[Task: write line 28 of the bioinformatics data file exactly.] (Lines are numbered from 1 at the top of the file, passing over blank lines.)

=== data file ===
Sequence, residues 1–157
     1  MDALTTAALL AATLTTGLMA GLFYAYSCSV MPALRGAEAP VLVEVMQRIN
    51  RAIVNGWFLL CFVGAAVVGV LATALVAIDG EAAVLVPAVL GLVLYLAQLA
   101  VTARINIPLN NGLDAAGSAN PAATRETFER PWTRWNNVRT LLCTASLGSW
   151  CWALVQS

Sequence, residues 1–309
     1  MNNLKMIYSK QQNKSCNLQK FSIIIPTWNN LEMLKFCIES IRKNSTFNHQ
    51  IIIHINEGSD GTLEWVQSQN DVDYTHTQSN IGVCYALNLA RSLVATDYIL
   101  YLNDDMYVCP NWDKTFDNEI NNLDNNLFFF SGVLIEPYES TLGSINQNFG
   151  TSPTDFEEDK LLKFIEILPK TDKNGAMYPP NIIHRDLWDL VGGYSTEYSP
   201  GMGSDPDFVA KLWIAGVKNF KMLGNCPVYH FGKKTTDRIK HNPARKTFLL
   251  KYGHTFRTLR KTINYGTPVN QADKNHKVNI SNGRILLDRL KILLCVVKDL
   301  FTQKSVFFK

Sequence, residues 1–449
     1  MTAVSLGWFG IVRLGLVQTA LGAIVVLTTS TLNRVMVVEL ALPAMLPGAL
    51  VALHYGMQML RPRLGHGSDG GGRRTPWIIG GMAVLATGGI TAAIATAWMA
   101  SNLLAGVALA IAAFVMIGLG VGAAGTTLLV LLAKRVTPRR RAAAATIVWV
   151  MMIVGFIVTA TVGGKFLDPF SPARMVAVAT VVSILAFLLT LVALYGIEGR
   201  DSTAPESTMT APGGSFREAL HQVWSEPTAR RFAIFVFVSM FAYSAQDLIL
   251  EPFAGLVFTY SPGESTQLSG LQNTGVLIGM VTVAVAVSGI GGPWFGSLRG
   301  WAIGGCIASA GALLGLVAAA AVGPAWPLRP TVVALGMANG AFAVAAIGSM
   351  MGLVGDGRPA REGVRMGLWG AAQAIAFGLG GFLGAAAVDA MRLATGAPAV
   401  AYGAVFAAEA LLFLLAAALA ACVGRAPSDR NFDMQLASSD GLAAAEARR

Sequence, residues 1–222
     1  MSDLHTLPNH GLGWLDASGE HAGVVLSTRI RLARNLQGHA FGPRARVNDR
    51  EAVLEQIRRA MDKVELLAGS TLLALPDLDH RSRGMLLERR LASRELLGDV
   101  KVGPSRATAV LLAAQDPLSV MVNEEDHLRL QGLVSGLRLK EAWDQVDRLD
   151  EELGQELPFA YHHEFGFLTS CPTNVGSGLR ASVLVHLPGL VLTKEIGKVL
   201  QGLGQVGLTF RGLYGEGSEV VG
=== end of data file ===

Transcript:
   151  EELGQELPFA YHHEFGFLTS CPTNVGSGLR ASVLVHLPGL VLTKEIGKVL